She was therefore both disappointed and surprised when she was told that this was not the case: She had not been selected. However, due to a disagreement among the judges, she ultimately gained a spot on Season 3.
Now, having reached the season’s semi-finals and left the show in fourth place, she feels she proved that she earned her place on the program.
The producers brought in a social worker to oversee the contestants and “help whomever and whenever was necessary” – something that, to Shoval’s mind, is an important part of the MasterChef experience. She explains that this was part of a larger, central aspect of the program: having a positive work environment.
She attributes this priority in part to the show’s senior content editor, Dorit Gvirtzman, who Shoval says is one of the most “amazing and honest people I know. It was very important to her that people feel good and work in a positive environment, and she did everything in her power to ensure that this would be the case.”
SHOVAL DESCRIBES MasterChef as a brand of “soft reality television,” sharing more with documentary than with reality programs such as Big Brother. “They’re not creating a story line or telling us what to say. They don’t change the truth, but of course they’re making what’s happening interesting for a television audience.”
And since leaving the show in February, her life has most assuredly been interesting.
Shoval, who had been working for a French-speaking international news program, realized she could either continue with her culinary work or stay in production.
She cites a meeting with culinary agent Idan Spivak as changing everything.
After talking extensively with Spivak, she decided to “throw herself at full volume” into all things food-related. She left her job at the news station in June, and has since proceeded to do just that.
She has used her background in communications to write culinary-focused columns for several national publications such as Ma’ariv and the magazine Lihiyot Horim (“Being Parents”). In addition, she started a company that makes “dukim” – a form of churros, which are now a popular children’s snack all over the country.
“I brought the churros trend to Israel,” she says. “People didn’t know what they were last year, but now many are familiar with the brand and are ask- ing for it. Our customers really seem to like them, including chefs whom I have spoken to, which is very exciting.”
The name “dukim” is a derivative of the name of the game “Mikado” (pick-up sticks), as common Spanish churros are traditionally long and thin. Shoval’s brand is sold at amusement parks and candy stores all over the country.
Over the past year, she has also made regular appearances on Channel 10’s morning show Seder Yom Hadash (“A New Agenda”) with Hila Nahshon. Offering kitchen tips as well as cooking demonstrations, the spot has grown in popularity, and Shoval is currently in talks to begin her own cooking show on Channel 2.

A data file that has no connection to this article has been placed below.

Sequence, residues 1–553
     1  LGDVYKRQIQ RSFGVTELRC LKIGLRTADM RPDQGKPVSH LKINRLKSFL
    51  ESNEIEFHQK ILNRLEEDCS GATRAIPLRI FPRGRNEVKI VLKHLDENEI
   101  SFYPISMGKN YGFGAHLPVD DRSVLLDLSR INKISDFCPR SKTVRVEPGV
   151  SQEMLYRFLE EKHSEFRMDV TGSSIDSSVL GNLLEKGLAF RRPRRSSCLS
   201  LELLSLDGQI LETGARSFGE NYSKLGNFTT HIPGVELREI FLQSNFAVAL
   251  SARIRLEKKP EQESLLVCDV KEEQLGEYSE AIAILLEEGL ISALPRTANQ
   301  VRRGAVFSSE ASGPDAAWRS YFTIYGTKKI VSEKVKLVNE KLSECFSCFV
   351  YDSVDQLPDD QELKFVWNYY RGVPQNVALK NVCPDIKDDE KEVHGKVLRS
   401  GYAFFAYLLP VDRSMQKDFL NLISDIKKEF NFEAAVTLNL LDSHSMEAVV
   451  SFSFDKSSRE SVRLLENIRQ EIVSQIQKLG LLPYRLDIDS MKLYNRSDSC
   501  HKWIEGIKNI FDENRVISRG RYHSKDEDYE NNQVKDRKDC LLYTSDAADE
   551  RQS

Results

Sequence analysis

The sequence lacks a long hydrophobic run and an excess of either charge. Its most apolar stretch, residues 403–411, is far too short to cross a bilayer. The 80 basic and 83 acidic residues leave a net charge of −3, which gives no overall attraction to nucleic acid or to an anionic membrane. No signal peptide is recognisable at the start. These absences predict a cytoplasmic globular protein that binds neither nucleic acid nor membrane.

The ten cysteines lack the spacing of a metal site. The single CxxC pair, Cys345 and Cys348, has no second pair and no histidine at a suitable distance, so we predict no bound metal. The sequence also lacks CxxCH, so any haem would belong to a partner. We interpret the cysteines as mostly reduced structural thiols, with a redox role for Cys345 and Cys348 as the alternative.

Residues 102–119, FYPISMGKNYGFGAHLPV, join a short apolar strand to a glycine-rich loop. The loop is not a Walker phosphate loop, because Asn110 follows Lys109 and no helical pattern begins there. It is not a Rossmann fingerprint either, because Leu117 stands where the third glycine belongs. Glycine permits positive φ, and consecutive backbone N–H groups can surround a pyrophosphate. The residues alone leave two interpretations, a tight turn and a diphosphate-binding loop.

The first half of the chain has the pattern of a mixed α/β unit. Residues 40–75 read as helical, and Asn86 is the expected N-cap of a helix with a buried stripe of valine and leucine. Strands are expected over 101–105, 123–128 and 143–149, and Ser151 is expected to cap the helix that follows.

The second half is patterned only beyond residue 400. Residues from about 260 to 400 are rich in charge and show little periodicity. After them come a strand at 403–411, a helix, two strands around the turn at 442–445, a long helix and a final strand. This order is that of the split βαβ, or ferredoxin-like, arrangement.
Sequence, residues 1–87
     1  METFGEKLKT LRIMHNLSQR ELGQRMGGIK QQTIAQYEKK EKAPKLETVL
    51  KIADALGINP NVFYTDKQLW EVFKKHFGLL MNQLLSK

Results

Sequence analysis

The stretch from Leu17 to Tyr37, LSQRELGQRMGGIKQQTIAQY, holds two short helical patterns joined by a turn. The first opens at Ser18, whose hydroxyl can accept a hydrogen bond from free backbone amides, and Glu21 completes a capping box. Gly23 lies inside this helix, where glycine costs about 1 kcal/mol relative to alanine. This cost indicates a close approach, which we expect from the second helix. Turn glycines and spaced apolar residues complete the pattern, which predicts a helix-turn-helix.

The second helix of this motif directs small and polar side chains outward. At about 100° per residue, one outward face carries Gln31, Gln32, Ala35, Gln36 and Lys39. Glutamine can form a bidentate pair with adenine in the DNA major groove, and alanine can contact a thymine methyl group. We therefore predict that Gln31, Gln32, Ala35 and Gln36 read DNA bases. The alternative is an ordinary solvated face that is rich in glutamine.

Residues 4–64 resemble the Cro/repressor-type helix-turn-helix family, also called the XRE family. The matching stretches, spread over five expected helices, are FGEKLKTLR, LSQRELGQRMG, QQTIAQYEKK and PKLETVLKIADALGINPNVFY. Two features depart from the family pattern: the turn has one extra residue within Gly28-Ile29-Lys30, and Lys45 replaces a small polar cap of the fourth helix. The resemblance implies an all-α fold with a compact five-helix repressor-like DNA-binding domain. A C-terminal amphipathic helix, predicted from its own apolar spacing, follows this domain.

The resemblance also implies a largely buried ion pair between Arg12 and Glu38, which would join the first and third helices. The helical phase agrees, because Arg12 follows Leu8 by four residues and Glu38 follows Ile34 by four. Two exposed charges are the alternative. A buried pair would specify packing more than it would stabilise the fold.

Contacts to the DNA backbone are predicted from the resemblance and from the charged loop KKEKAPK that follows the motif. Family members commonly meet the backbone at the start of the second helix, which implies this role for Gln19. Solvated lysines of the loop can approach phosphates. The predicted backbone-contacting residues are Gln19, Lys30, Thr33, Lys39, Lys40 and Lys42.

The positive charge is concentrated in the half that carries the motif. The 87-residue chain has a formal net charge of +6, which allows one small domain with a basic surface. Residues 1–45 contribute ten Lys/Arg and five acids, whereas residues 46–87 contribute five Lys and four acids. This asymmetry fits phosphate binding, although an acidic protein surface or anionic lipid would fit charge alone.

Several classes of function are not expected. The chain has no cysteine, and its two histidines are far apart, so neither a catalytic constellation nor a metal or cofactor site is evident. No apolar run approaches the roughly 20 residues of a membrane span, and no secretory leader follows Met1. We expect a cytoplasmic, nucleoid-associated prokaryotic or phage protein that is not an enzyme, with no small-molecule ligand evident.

With the many recent changes in her professional life, she feels that the biggest shift she’s experienced since competing on MasterChef is an increased sense of self-confidence.
“Being on the show made me realize that I can cope with hardship. In almost every episode, I felt like giving up, asking myself, ‘Why do you need this?’ I think that it’s a natural tendency to want to give up when things are hard, but I saw that I was able to provide comfort – for others, but primarily for myself – when things were difficult.
The fact that I have this strength, and the ability to succeed, is something I learned [from being on the show].”
This strength will likely help her as she continues along her culinary path. “In five years, I might open my own place. Maybe not a restaurant, perhaps a bar, something like that. I love having guests and creating a good atmosphere for my friends. I’d like to have a place where people can invite anyone, and have a good time – and of course, a place where people can eat.”
Right now, she says, she is learning – in terms of her own cooking, but also conceptually.
“I’m always thinking forward with regard to what I can do next and where else I can go with my existing recipes.”
FOR SHOVAL, cooking “is relaxing and is a place where I can return to myself. It’s a time when I feel at peace with who I am.”
She says every cooking experience is different: Working in a restaurant or cooking for 150 people, it is not always easy. However, she describes a sense of true gratification when she sees people enjoying a meal she has made. “There’s often a lot of feedback when you cook, so it’s also something from which you receive instant satisfaction.”
Shoval feels that everyone is capable of cooking, and cooking well. “I don’t really understand people who say they don’t like to cook. It’s such a giving experience, it’s 200-percent giving, and perhaps that’s another reason why I enjoy it.”
And giving starts at home. Her two daughters, ages six and 14, often help their mother in the kitchen. “More and more, I see my older daughter going into the kitchen, and it’s fun. With my younger daughter, I often make dough and stuffed grape leaves.”
It wasn’t always easy for her children when she was on the show, she says, but “they really give me time to get recipes just right and make genuinely good food.”